NI same-sex marriage bill blocked at Westminster
A bill to bring same-sex marriage to Northern Ireland has been blocked from moving to the next stage in the legislative process at Westminster.
It was brought by Labour MP Conor McGinn who said he had expected the government to object to the bill.
The bill was introduced for its second reading at the House of Commons. A conservative MP objected and the bill was re-listed for a date in October.
Mr McGinn, is originally from south Armagh.
The bill was brought as a so-called Ten Minute Rule Bill. Bills introduced in this way rarely become law.
How a bill becomes law
To become law a bill has to pass through a number of stages in the House of Commons and the House of Lords.
Most bills start life in the House of Commons, where they have a first reading. This is a short process which sees the short title of the bill read out, followed by an order for it to be printed.
The second reading is the first opportunity for MPs to debate the general principles and themes of the bill. MPs then vote on the bill and, if they vote in favour, it proceeds to committee stage where each part of the bill, as well as amendments, may be debated.
After the committee stage the bill returns to the main chamber of the Commons for the report stage when there is further debate and amendments can be added. The final step in the Commons is the third reading, followed by a vote.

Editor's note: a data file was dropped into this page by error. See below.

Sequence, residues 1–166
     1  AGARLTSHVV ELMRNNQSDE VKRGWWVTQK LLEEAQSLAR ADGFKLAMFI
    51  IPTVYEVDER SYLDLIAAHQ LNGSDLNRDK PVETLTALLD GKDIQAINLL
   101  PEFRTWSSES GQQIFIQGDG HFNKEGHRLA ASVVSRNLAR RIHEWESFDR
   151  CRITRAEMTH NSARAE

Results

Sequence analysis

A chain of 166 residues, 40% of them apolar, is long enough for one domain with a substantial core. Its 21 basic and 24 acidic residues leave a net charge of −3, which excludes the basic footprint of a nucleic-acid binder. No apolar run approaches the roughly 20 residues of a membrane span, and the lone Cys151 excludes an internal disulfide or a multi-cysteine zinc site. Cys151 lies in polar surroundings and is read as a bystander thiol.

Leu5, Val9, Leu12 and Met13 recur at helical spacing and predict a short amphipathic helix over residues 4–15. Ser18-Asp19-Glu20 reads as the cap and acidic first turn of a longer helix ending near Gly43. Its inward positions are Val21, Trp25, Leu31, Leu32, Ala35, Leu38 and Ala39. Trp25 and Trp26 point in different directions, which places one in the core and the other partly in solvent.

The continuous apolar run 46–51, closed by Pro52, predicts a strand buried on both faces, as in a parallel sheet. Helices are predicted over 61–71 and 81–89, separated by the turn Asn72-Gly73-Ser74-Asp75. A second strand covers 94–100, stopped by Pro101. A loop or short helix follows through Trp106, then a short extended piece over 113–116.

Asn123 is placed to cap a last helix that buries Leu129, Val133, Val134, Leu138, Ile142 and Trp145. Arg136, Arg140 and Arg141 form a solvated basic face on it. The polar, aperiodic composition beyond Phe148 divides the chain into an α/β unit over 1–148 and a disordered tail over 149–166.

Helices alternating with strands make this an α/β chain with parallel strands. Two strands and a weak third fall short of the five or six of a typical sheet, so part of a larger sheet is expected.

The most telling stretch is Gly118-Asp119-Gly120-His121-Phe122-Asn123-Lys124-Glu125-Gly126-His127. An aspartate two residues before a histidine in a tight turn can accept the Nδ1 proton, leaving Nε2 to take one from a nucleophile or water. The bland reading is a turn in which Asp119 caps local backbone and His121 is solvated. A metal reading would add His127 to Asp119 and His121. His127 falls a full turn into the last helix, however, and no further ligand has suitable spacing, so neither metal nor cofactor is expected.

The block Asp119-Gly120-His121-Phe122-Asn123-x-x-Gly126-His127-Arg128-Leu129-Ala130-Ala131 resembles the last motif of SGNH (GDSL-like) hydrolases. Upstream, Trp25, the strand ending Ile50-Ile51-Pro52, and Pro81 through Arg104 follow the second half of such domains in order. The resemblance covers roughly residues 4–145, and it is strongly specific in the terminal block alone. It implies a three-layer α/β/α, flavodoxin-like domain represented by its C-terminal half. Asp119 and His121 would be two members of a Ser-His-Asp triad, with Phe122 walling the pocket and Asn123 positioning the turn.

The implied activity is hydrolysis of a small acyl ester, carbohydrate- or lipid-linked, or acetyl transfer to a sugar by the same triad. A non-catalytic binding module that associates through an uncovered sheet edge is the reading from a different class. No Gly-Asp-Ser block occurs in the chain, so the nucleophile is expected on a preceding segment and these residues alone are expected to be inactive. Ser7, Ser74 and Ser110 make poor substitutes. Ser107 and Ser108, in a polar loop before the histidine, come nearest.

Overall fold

If the bill passes, it then goes to the House of Lords where it goes through the same steps again and it may come back to the Commons if the Lords add amendments.
Once both houses agree to an exact wording of the bill it is sent to the Monarch for Royal Assent and becomes law.
Deadlock over the issue has dogged Stormont for years.
The last time MLAs debated it a majority voted in favour but the DUP blocked the move using a petition of concern.
A petition of concern is a mechanism used at the Northern Ireland Assembly and is designed to protect one community from legislation that would favour another.
If it is presented to the speaker any motion or amendment needs cross-community support.
Effectively this means that, provided enough MLAs from a particular community agree, that community can exercise a veto over the assembly's decisions.
A valid petition requires the signatures of 30 MLAs.